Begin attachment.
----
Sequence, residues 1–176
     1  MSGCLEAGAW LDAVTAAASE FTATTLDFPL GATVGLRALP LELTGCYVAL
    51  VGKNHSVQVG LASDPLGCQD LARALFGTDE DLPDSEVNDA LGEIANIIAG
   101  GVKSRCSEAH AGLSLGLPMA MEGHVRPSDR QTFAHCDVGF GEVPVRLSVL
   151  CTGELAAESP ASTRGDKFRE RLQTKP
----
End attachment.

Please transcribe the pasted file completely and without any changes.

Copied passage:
Sequence, residues 1–176
     1  MSGCLEAGAW LDAVTAAASE FTATTLDFPL GATVGLRALP LELTGCYVAL
    51  VGKNHSVQVG LASDPLGCQD LARALFGTDE DLPDSEVNDA LGEIANIIAG
   101  GVKSRCSEAH AGLSLGLPMA MEGHVRPSDR QTFAHCDVGF GEVPVRLSVL
   151  CTGELAAESP ASTRGDKFRE RLQTKP